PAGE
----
Interestingly, many of the upper echelons of the military and government at the turn of the 1900's were concerned about the move from bolt action to semi-automatic rifles because they worried that the soldier would "use too much ammo." There was a mindset that each soldier should be a careful and precise marksman, and that the ability to shoot with each trigger pull would detract from marksmanship and create an ammunition distribution problem.

    As an example, look at the standard loads for cavalrymen fighting Indians in the late 1800's (each soldier normally carried only 40 rounds for his rifle) and the standard loads for today. I would never have dreamed of stepping outside the wire with only 40 rounds! :eek:

    Of course, as the calibers have decreased, so has the ability to carry more ammo. As a young and dumb M-60 gunner (waaaaay back when :D), I had 400 rounds belted up and loaded and carried another 400 in a bandolier. It seemed that I could never find that assistant gunner (who was supposed to be carrying most of the ammo) when I needed him. :rolleyes:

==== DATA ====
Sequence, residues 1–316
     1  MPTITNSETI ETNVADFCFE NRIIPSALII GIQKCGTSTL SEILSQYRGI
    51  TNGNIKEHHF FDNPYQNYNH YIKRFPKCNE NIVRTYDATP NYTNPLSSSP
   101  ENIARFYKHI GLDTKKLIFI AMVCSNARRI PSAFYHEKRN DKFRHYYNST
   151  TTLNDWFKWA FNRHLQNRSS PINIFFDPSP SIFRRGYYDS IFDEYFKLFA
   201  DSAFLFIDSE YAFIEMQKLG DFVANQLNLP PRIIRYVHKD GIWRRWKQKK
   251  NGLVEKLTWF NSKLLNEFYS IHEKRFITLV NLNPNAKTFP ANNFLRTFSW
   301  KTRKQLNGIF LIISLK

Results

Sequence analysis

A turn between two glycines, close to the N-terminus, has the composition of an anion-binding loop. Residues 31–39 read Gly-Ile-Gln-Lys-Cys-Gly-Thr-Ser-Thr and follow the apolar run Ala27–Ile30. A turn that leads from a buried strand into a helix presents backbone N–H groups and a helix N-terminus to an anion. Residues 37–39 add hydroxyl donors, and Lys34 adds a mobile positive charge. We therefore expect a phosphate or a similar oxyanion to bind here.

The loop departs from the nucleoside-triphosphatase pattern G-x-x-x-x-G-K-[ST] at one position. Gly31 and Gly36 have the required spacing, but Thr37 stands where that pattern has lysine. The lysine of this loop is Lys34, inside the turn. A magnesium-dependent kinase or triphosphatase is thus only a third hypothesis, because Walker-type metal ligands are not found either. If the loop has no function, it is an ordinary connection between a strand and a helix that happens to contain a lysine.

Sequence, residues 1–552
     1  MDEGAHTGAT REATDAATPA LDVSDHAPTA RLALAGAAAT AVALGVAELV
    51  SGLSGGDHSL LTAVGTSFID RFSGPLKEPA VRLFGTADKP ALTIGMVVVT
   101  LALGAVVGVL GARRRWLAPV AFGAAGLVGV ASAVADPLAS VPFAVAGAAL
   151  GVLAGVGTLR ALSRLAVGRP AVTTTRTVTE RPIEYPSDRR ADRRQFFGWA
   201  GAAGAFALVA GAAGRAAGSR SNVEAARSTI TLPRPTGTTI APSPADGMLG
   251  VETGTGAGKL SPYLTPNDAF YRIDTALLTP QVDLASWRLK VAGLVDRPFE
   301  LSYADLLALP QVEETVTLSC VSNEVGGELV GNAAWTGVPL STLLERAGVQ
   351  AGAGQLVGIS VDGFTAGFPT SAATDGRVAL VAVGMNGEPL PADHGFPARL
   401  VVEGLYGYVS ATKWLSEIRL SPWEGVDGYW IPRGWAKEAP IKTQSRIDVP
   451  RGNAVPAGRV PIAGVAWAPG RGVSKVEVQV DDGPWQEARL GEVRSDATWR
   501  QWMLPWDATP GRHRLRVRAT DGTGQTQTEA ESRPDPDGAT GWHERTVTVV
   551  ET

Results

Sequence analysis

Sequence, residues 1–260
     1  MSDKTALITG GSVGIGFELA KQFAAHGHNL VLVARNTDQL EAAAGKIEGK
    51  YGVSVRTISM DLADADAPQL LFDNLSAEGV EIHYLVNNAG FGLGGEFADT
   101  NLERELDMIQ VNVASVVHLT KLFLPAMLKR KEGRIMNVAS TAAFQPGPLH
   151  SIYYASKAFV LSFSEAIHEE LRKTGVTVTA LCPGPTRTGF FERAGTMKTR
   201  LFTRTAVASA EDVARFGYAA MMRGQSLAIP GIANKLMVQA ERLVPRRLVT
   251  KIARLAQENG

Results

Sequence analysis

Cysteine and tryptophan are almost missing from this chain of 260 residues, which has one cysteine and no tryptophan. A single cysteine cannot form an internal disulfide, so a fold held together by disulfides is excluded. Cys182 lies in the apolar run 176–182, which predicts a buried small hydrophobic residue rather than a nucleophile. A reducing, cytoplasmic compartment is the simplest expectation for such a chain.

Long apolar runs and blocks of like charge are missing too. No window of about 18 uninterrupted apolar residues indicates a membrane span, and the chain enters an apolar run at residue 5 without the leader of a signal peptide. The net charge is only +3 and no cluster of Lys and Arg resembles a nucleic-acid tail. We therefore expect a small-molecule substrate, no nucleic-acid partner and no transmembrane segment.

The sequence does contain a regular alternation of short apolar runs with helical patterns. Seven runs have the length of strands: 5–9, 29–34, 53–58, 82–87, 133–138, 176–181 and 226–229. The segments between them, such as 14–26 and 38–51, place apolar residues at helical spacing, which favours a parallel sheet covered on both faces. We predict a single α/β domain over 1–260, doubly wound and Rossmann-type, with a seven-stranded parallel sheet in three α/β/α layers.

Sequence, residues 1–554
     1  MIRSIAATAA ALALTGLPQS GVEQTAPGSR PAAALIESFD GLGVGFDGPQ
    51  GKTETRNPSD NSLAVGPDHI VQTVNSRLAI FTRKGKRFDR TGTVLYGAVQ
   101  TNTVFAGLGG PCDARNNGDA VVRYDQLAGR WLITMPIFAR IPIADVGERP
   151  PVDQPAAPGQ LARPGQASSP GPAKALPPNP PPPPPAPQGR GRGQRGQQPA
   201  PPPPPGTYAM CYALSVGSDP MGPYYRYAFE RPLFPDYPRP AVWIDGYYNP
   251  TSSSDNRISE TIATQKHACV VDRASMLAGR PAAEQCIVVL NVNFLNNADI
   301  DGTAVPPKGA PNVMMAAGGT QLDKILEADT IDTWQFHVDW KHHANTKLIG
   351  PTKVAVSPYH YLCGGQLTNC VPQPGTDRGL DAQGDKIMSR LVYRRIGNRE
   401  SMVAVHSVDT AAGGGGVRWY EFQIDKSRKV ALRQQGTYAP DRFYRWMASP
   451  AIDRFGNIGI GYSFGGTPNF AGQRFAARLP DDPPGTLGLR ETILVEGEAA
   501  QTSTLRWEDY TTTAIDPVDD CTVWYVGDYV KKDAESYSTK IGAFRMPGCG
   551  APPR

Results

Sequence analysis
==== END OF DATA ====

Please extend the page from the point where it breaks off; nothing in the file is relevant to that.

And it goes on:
It is interesting to study the development of tactics vs. weapons throughout the ages. The argument can often be made that tactics changed weapons, but as often, the opposite can also said to be true. A good example can be found in WW I. The development of the machinegun lead to the quagmire of trench warfare. However, trench warfare lead to the development of the tank (which, of course, is near and dear to this old tanker's heart :D).

    By the way (since I'm on a ramble anyways :p), the "tank" got it's name because during the secret development by the British, they told the welders and skilled laborers who were making the pieces of the first prototype tanks that they were assembling parts for a water tank to be used in the desert. :) Hence, "tank," which has stuck ever since.
Similar Threads
Forum Title Date
The Ammo & Reloading Forum Velocity vs Barrel Length for Handguns Dec 3, 2011
The Ammo & Reloading Forum 44 mag velocities and barrel lengths Dec 1, 2009
The Ammo & Reloading Forum Barrel Twist & Barrel Length Jul 8, 2008
The Ammo & Reloading Forum Your favorite 40 cal. weight bullet for a 4.5" Glock barrel? Aug 5, 2014
The Ammo & Reloading Forum Savage Axis .223 w/ 22" barrel May 27, 2014

Share This Page